Men's Basketball

 
Grind Hasn't Halted Drive: Forbes Willing To Go Extra Mile To Reach NBA Dream

Gary Forbes

Gary Forbes

June 25, 2008

- Gary Forbes flies out of San Antonio. Or maybe it's Houston.

Single-serving pretzels.

Single-serving soda.

It's all a part of the chase.

"You spend more time in airports and hotels than you do on the court," he said.

He lands in Miami. Or maybe it's Milwaukee.

Single-serving shampoo.

Single-serving friends. Most of them, anyway.

He sees them at every stop. They hate his defense, but his offense makes up for it. They tell him they see a spot for him in tomorrow's NBA draft, if not at the bottom of the first round then somewhere in the second.

One city to another, he hears the same things.

"It's just a grind," he said. "We go to different cities. Same questions. Same type of workouts."

It wears on him.

His brother Anthony gets all the calls. A player himself in his high school days in Brooklyn, Anthony watches the camps when they come on TV and reads the analysis when it shows up on the web. He knows all the things flashing through Gary's mind; Anthony tries to relate, but also to relax.

"Just keep on grinding," he'll say. "Only a couple days left."

Ever since he hoisted the University of Massachusetts on his back in the National Invitation Tournament, helping the Minutemen upset last year's NCAA champion, Florida, on the way to the final, Forbes has been connecting the dots from city to city - 11 altogether - boosting his stock at each checkpoint and trying to sell NBA teams on his ability to score and his potential for playing four positions.

"It's a crazy experience, and I still kind of can't actually believe I'm in the position and could be drafted," he said. "It's a dream come true and I'm happy that I'm in this predicament. From where I came from to where I'm at now, it's just a blessing. So I just hope that on Thursday I hear some good news."

The turning point
Just three years ago, Forbes wasn't even playing basketball. He was sitting out a season after finding out he had developed diabetes, having abandoned a spiraling stint at the University of Virginia and restarted at UMass.

 

 

The fact that his dream is now at his fingertips makes the rigors of the chase easier to put up with. The travel. The hotel. The interviews. The microscope.

What kind of person are you?

What do you do in your free time?

Are you the type to keep an entourage?

And when he thinks of his answers and the impact they can have on his future, two words come to mind: politically correct.

He understands that it's an inspection process.

"They do their homework," he said. "They ask you about your personal life and your family. They're investing millions of dollars and they want to make sure they're making the right decision."

Still, somewhere under the pile, when he has gotten opportunities to run the floor, he's pounced on them.

He was the most valuable player of the Portsmouth Invitational Tournament in Virginia in April. Then at the Orlando predraft camp in May, he went on a 30-point, 26-minute scoring binge that still has more than a couple of draft experts buzzing.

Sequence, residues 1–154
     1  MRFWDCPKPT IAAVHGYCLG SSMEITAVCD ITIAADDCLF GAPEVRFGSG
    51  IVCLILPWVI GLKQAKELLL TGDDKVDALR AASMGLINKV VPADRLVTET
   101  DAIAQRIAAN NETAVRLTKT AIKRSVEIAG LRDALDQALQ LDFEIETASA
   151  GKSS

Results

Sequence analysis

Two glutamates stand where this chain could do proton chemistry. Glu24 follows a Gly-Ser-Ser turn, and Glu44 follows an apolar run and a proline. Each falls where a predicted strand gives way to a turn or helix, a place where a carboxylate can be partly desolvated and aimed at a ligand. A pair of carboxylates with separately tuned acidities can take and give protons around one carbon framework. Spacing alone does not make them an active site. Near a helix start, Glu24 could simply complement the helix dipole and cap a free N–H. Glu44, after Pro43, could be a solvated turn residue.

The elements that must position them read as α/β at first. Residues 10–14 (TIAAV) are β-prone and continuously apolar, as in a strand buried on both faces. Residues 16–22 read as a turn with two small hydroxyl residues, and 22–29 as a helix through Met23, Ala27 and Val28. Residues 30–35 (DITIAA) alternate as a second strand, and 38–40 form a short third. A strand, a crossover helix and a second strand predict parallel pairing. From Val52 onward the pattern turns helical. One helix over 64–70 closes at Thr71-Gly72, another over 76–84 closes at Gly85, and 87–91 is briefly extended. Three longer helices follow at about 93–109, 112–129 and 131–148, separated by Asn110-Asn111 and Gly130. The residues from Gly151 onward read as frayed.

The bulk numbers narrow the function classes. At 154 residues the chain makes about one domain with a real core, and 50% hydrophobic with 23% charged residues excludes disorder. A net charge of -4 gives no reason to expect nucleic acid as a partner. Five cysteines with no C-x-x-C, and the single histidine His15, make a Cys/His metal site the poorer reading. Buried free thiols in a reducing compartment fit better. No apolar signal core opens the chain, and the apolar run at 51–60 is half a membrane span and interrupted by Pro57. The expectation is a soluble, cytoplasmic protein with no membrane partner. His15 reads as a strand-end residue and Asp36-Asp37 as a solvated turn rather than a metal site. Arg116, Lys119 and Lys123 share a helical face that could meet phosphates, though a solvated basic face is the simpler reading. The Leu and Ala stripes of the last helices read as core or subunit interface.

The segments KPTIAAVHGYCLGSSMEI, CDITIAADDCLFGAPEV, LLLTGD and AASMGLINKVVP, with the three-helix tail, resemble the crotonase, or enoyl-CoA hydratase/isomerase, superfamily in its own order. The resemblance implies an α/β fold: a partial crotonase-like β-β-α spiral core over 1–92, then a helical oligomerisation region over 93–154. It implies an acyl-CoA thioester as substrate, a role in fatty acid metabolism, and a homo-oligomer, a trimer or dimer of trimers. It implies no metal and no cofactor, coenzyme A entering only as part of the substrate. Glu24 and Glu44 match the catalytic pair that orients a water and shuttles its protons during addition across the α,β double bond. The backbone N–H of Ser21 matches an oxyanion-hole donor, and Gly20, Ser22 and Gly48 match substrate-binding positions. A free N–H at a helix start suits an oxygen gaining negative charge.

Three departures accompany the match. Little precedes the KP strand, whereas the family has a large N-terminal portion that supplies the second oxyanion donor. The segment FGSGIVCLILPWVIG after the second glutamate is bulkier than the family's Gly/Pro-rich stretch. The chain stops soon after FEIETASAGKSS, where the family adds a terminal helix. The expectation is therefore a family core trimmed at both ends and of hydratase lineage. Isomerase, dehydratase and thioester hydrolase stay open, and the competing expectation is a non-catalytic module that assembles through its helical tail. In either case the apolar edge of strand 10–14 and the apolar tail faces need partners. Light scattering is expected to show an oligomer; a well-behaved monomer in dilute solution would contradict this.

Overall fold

Not long after Orlando, the Celtics brought him in, and general manager Danny Ainge was more than impressed with his workout.

"He definitely should be drafted," Ainge said. "He's got good size [6 feet 7 inches, 220 pounds] and strength and toughness and he's a versatile player. He has good size for his position."

Forbes had to develop into the player that Ainge saw, and you can pinpoint the transformation to 2005.

He was still at Virginia, but his college career was at its deepest valley. He found out that the streak of diabetes that ran through his family had made its way to him. The coach that recruited him to Virginia was fired, and the new coach didn't see Forbes the same way.

"I felt like I didn't have the leeway and the opportunity to show my talents," he said.

He decided to transfer to UMass; even if it meant sitting out a year, he'd have a fresh start.

"I just wanted to find a place where I would feel comfortable, where I would be appreciated and where I'd be able to show my talent," he said. "I had a lot more confidence. My coaches just had a lot more confidence in me. Travis Ford just kind of let me go. I had free will and free rein to do most of the things that I'm good at."

Ford said that change was instrumental in getting Forbes to the point he's at now.

"The year he sat out allowed him to get in great shape," said Ford. "Our style of play helped Gary. We let him bring the ball upcourt, shoot threes, post up. He got to use all his skills on the court, and that allowed him to get better."

Once in a lifetime
Forbes averaged 19 points and 7.5 rebounds a game for the Minutemen. Almost as soon as he left UMass, so did Ford. But outside of family and close friends, the coach has been one of the handful of people Forbes has called almost every day for advice.

"It's been a whirlwind for him, I know it has, but he's held up well," said Ford. "He's made a tremendous impression on people. They all say he's a good player and a good person, and I think there's definitely a place for him in this draft."

More often that not, though, Forbes is calling his brother.

When they talk, Anthony reminds him that this experience only comes along for a few, and it only comes along once. So even if it's a grind, it's the grind of a lifetime.

"Everything he's going through are all the things that I wanted to go through myself," he said. "And seeing him go through the process is kind of like a dream of mine."

Forbes will land in Maryland on draft day to watch the picks with his brother.

Single-serving opportunity.

Single-serving dream.

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